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Study: Promising early results for treating metastatic prostate cancer

Summary

The TALAPRO studies looked at how well the oral drug Talzenna (talazoparib) works as a treatment for metastatic castration-resistant prostate cancer (mCRPC). The addition of Talzenna to treatment with Xtandi (enzalutamide) increased the time until the cancer got worse or came back (progression-free survival). The greatest benefit was seen in people who had an inherited or tumor mutation in a gene that repairs DNA damage (such as ATM, BRCA1, BRCA2 and others). (Posted 3/1/23)

Update: On June 20, 2023, the Food and Drug Administration (FDA) approved the combination of Talzenna with Xtandi as an initial treatment for some people with mCRPC for people with inherited or tumor mutations in genes that repair DNA damage. 

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Promising early results for treating metastatic prostate cancer

RELEVANCE

Most relevant for: People with metastatic castration-resistant prostate cancer (mCRPC). It may also be relevant for:

  • people with prostate cancer
  • people with castration-sensitive prostate cancer
  • people with metastatic or advanced cancer

Relevance: Medium-High

Strength of Science: High

Research Timeline: Human Research

Relevance Rating Details


What are these studies about?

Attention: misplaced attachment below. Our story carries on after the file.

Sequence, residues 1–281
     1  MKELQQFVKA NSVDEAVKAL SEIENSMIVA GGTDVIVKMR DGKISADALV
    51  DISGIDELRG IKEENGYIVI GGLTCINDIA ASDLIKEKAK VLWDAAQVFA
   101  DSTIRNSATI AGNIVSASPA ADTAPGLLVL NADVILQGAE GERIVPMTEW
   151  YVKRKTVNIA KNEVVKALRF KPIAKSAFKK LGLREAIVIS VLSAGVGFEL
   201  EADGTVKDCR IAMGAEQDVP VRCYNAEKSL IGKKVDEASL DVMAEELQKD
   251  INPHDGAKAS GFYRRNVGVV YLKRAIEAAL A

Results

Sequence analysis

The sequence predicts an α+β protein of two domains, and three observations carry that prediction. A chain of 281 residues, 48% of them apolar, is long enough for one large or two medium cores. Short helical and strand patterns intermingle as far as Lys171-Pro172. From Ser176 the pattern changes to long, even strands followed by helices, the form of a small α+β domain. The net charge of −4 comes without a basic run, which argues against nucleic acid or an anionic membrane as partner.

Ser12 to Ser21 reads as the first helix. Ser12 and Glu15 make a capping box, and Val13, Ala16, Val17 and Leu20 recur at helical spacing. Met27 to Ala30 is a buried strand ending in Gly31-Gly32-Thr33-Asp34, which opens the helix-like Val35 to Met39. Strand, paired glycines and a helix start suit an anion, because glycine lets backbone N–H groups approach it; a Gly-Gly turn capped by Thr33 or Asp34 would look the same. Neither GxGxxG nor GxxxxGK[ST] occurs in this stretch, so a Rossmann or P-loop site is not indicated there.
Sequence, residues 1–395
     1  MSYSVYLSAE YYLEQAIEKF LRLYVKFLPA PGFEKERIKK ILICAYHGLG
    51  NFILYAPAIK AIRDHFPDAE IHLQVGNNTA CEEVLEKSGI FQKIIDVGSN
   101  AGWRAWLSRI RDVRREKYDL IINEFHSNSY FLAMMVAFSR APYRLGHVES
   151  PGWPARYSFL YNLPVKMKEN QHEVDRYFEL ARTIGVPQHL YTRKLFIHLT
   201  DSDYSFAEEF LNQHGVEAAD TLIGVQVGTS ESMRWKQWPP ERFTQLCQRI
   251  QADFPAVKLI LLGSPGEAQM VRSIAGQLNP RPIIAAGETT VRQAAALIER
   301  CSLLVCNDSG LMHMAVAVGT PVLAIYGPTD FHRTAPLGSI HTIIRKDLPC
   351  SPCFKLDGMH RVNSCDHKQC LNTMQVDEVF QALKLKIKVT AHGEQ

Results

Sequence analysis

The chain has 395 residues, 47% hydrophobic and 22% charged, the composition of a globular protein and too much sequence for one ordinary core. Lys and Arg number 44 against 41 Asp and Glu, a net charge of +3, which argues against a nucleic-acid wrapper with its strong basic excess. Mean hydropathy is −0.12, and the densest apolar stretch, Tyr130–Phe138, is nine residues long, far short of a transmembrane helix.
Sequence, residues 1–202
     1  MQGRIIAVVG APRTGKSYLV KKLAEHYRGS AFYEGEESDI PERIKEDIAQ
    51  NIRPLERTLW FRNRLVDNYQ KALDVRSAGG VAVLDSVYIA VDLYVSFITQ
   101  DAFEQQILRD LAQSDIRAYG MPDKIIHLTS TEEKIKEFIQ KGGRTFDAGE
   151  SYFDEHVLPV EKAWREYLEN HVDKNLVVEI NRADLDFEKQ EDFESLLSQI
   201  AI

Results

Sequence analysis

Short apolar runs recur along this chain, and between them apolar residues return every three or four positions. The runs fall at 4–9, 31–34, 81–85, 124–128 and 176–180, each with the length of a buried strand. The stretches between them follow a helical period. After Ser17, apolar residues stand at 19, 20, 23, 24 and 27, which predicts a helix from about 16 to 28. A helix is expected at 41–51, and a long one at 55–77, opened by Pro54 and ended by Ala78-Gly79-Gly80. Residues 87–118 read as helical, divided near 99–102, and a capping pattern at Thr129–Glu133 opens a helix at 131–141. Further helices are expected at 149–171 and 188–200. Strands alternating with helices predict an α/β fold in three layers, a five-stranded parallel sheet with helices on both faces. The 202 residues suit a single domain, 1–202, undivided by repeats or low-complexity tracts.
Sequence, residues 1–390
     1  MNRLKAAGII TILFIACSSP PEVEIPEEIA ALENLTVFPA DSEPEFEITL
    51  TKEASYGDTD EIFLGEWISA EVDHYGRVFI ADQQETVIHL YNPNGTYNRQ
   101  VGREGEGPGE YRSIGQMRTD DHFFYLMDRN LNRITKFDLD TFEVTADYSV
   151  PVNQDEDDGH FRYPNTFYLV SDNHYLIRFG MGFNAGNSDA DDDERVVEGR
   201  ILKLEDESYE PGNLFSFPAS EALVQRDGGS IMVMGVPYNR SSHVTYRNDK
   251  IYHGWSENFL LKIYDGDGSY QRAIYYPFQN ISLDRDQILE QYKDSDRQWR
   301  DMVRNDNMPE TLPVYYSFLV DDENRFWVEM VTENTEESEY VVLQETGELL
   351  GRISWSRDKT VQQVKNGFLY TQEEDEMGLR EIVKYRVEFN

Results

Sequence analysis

A series of research studies called TALAPRO looked how well the drug () works for treatment of castration-resistant cancer (mCRPC) in people with certain inherited or tumor mutations.

What type of drug is ? What is a

is a type of drug called a . PARP inhibitors have been useful in the treatment of several different types of cancers associated with a  or inherited mutations or tumor mutations in genes that repair damage. is FDA-approved to treat breast cancer, but it has not yet received approval for cancer treatment.

Why are these studies important?

castration-resistant cancer (mCRPC) no longer responds to standard treatments that block testosterone. People with mCRPC that continues to grow despite treatment have limited treatment options. More effective treatments are needed.

  • The TALAPRO-1 study looked at how safe and effective is for treatment for castration-resistant cancer (mCRPC) in people with mutations in repair genes.
  • The ongoing TALAPRO-2 study is comparing how well treatment with  together with the hormonal treatment Xtandi () works compared to Xtandi alone for treating people with mCRPC.

Study findings

This review covers results from the TALAPRO-1 study and the early results from the TALAPRO-2 study.

TALAPRO-1 results

TALAPRO-1 showed that is safe and effective for treating people who have mCRPC with inherited mutations or tumor mutations in repair genes.